My name is Ben O’Farrell and I’m a residential childcare worker. I am employed by Nether Johnstone House Childcare Services and work in Johnstone. I’m registered with the SSSC.
I got to know a social worker back in 2004 and through a process of osmosis I became interested in social care as a potential career. Before this I worked in engineering. My first role was as a volunteer helping people with alcohol issues in Easterhouse. This was all very different to the corporate world where the focus is always on profit, here I felt I was directly helping people which gave me enormous satisfaction. My career has changed a lot since then, now I’m very happy working in residential childcare.
At Nether Johnstone House I build and develop meaningful relationships with all the young people in my care. I make sure all their needs are being met and that their case files are up to date. I listen to them talking at length about their past as they come to terms with their traumatic experiences and I provide support as they make new meaning from them.
I enjoy taking them to the cinema, parks, football matches, other sports and swimming.
I’ve had (and continue to have!) many life experiences that help me relate to the young people in my care. Some of my experiences were hard or personally difficult, but I feel they help me prepare young people for the challenges that lie ahead once they leave care.
I love history, politics, reading and writing. These interests and skills help me inspire the kids and hopefully get them to realise the importance of continuous learning and personal development.
I’ve also started to use storytelling as a way to help young people make sense of their past and the important things that have happened.
When I began working in social care I had no qualifications in the field, though I did have a certificate in mechanical engineering. After a few years I went on to achieve an HNC Social Services and SVQ Social Services (Children and Young People) at SCQF level 7. These qualifications gave me an initial grounding that I found useful, especially knowledge concerning child protection legislation.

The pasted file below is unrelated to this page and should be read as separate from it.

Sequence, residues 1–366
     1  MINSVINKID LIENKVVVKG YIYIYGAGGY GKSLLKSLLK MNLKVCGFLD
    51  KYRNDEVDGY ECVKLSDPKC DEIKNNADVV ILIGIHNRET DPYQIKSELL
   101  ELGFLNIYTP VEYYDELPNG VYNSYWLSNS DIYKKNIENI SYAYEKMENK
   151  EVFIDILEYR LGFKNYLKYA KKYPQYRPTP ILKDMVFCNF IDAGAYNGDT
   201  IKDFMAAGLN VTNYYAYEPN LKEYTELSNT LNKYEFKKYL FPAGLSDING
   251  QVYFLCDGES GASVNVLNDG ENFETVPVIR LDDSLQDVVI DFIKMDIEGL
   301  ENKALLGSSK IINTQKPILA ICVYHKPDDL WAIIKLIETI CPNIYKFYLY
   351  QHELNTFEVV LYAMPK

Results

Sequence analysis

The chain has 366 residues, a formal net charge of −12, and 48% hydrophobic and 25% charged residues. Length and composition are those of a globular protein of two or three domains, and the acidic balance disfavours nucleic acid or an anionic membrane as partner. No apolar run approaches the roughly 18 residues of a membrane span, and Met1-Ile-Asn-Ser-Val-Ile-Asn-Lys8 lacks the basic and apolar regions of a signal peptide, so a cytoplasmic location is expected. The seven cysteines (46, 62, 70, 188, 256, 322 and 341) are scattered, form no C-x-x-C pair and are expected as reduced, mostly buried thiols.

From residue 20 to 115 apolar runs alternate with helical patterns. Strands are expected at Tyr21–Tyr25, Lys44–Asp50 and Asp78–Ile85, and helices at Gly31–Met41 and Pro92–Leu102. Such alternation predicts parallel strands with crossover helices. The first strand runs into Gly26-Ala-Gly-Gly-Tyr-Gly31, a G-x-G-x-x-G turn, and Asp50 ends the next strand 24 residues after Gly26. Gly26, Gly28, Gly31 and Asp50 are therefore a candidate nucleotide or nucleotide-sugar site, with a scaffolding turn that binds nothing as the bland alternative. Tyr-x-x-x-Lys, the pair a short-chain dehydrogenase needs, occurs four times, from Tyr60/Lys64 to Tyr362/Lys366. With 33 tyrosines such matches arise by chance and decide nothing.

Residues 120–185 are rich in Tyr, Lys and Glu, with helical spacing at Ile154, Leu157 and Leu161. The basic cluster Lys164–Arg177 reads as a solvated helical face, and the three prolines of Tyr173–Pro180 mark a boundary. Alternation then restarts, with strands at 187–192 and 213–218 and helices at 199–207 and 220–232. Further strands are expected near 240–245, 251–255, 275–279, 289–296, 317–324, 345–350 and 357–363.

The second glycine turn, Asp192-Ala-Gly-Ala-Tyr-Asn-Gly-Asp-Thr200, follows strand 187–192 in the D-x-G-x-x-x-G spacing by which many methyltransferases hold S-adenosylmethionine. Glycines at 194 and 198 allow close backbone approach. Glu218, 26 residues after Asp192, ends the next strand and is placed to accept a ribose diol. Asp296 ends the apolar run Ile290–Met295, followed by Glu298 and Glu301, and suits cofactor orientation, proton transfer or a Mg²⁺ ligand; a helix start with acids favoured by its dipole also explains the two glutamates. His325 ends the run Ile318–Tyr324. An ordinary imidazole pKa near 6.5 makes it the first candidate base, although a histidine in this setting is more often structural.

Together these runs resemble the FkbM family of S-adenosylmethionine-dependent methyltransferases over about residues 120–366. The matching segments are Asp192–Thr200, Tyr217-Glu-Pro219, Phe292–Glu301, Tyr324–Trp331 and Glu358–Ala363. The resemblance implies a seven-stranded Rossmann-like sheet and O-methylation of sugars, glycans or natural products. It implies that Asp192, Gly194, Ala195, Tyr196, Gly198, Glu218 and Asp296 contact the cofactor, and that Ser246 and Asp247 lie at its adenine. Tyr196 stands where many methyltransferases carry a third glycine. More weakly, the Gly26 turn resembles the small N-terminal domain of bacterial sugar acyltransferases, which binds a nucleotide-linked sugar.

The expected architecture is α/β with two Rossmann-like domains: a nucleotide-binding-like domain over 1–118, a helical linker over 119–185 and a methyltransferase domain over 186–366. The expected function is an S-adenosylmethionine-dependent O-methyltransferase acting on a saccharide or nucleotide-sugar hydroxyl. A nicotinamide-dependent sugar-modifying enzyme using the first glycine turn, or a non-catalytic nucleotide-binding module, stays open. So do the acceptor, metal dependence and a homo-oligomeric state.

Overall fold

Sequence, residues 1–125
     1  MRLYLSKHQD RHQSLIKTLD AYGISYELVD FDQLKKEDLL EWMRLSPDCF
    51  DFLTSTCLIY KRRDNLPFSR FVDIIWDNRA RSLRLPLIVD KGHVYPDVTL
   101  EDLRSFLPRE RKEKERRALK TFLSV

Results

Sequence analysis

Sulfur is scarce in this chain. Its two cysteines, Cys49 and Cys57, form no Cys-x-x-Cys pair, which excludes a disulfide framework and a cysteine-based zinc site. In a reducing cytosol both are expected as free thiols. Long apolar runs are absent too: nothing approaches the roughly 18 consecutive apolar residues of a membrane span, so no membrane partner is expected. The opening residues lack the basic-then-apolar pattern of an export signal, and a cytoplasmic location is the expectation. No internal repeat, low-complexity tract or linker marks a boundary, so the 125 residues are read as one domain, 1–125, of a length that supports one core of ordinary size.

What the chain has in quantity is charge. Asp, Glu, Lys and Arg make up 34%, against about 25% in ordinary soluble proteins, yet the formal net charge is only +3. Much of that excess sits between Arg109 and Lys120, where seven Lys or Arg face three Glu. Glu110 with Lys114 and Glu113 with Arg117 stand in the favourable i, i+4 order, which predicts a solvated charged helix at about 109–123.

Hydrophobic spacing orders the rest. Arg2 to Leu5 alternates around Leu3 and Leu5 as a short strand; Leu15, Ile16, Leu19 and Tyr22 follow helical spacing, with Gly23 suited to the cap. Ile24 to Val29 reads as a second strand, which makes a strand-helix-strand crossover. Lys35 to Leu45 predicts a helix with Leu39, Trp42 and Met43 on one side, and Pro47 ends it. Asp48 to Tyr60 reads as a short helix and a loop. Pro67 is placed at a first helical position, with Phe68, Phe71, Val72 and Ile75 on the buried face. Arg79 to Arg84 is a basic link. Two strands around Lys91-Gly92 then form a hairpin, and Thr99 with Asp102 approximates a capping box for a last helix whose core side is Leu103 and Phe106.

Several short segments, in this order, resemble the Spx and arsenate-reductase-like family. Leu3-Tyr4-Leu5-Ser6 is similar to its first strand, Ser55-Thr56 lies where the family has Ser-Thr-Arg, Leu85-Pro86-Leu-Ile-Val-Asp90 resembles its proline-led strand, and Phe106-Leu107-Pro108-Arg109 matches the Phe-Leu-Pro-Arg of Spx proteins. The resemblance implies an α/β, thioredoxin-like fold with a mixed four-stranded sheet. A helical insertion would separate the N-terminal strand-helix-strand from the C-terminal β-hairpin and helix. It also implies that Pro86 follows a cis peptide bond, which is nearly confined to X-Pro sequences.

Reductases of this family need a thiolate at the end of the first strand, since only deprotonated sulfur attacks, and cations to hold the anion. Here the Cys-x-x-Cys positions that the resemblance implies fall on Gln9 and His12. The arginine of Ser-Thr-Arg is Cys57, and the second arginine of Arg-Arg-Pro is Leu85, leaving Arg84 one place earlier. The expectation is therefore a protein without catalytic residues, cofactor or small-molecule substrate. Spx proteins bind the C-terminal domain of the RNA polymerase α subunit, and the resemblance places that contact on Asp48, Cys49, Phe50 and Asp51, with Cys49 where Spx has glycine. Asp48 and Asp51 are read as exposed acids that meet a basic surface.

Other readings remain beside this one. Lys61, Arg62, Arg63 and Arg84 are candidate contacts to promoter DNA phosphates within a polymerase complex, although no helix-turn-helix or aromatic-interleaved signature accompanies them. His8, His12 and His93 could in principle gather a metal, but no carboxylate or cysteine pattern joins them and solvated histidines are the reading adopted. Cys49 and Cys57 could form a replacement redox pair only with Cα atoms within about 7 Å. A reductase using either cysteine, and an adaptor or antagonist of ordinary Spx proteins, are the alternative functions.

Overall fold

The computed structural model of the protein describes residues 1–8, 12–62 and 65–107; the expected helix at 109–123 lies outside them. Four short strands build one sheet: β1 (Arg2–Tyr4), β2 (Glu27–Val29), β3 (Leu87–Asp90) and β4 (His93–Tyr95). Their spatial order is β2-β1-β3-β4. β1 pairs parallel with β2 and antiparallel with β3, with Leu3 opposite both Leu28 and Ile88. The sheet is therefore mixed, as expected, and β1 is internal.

I am currently halfway through the master’s in advanced residential childcare. I love doing this course and I feel I’ve learned so much that enhances my practice on a daily basis. I think continuous learning is key to developing your practice in social care; the challenges become harder due to increasing societal pressures and all the recent literature points to relational based practice being the future of good social care.
I love seeing my relationships with the young people grow and develop over the years. This career gives you an opportunity to develop the kind of meaningful relationships that give us a real platform to encourage positive change in young people. Seeing them achieve different milestones along the way is a huge source of pleasure and pride for me.
There are many positives. A negative is that I feel the political landscape, in terms of the financial resources available to social care, is a barrier to achieving the sector’s full potential.
This job is perfect for those who love to be challenged both intellectually and physically. Working in residential childcare can be intense and no two days are the same. You learn exponentially if you embrace the idea that what you’re doing isn’t a job, but a vocation that places the needs of the kids above all else.
The rewards are many. If you care, and are committed to developing your craft, then I can’t think of a better role within social care that will enable you to achieve your professional goals.
I think continuous learning is key to developing your practice in social care; the challenges become harder due to increasing societal pressures and all the recent literature points to relational based practice being the future of good social care.Ben O’Farrell Residential childcare worker